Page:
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Stepping up to Righteousness

Jesus said, ‘Blessed are those who hunger and thirst for righteousness, for they shall be satisfied’ (Mat. 5:6). ‘Righteousness’ can seem  a grand and daunting word at first, but the dictionary simply defines it as ‘the quality of being morally right.’ In the Bible, this specifically means being right in God’s opinion and living according to his perfect standards. The Bible teaches that God considers none of us to be good; we ‘all have sinned and fall short of the glory of God’ (Rom. 3:23).

Righteousness of Christ

However, the amazing truth is that if we have trusted in Christ as our saviour, God now sees us as having the righteousness of Christ, even though we still do wrong. Why? Because the Lord Jesus, having lived a completely righteous life, took upon himself all our unrighteousness when he died on the cross, and gives us his righteousness in its place (see 2 Corinthians 5:21 and Romans 5:19).

So, what now? The fact we won’t be able to live perfectly should never be an excuse for not trying to do what’s right. Knowing what God has done for us in Christ should make us want to live like Christ in all respects; what we say, how we spend our time, and how we treat others.

Close to God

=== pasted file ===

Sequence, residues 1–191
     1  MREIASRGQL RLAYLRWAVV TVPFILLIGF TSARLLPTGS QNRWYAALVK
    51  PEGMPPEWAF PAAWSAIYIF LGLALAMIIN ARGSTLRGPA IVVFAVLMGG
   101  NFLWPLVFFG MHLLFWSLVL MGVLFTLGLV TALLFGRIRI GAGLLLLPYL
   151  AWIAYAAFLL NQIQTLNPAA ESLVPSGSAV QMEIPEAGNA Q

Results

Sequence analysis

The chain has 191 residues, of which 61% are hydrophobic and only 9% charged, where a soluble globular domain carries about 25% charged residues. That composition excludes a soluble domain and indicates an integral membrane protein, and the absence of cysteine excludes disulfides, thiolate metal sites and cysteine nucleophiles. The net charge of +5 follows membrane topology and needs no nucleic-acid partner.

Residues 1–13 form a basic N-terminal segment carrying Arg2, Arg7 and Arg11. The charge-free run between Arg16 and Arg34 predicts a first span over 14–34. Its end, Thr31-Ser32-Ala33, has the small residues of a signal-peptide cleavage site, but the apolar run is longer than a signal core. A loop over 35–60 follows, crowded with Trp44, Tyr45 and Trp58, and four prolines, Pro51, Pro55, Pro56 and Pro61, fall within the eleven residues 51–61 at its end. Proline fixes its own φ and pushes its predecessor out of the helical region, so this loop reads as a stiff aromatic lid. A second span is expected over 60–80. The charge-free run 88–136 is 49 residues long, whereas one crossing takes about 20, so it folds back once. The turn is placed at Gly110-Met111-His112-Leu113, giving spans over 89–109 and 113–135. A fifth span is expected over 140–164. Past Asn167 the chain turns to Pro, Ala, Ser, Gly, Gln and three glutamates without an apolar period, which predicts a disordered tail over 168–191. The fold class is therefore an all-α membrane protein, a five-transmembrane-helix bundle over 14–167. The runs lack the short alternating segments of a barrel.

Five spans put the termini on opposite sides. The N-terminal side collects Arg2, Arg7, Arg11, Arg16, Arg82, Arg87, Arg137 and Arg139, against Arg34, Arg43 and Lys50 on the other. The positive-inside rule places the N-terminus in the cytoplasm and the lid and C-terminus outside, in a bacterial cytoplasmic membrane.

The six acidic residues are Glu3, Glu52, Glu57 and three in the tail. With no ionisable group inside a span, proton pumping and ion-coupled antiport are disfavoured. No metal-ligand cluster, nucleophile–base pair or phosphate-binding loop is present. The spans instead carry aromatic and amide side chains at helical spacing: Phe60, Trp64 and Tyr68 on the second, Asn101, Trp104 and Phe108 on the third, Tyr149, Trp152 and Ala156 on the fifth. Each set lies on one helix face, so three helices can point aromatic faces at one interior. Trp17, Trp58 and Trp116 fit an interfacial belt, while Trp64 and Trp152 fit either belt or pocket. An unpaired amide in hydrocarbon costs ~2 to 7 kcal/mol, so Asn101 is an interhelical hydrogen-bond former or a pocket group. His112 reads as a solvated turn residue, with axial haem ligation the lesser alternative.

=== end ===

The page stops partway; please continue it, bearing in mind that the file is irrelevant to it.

Another aspect of Biblical righteousness is being close to God. David in the Old Testament compared his longing for God to the thirst one would have while on a long journey through the desert. He says to God: ‘my soul thirsts for you…as in a dry and weary land where there is no water. So I have looked upon you in the sanctuary, beholding your power and glory.’ (Ps. 63:1-2). The ‘sanctuary’ refers to the tabernacle where God’s people would come to worship him. Today’s equivalent of this for us is the weekly meetings of the church. Do we have a thirst for the joy of being among our fellow Christians and worshipping God together?

[perfectpullquote align=”right” size=”17″]Knowing what God has done for us in Christ should make us want to live like Christ in all respects; what we say, how we spend our time, and how we treat others.[/perfectpullquote]

David also describes later in this psalm that his hunger for God will be satisfied: ‘My soul will be satisfied as with fat and rich food’ (Ps. 63:5). This verse was illustrated to me once when I was eating a sandwich I had made while my friend tucked into a large chicken burger. I had had this burger before, and was left really dissatisfied after finishing my comparatively thin slices of chicken in brown bread. Surely this should be the case in Christian life: having ‘tasted that the Lord is good’ (1 Peter 2:3), we find that it is only his things that truly satisfy us.

The Hard Path

Stepping up to righteousness won’t always be easy; it may involve stepping away from what people around us are doing. Nor is it a one-off step, but rather a continuous way of life. But let’s strive after righteousness anyway, because we’re promised that it won’t fail to satisfy.

Ross Osborne, The Church of God in Glasgow

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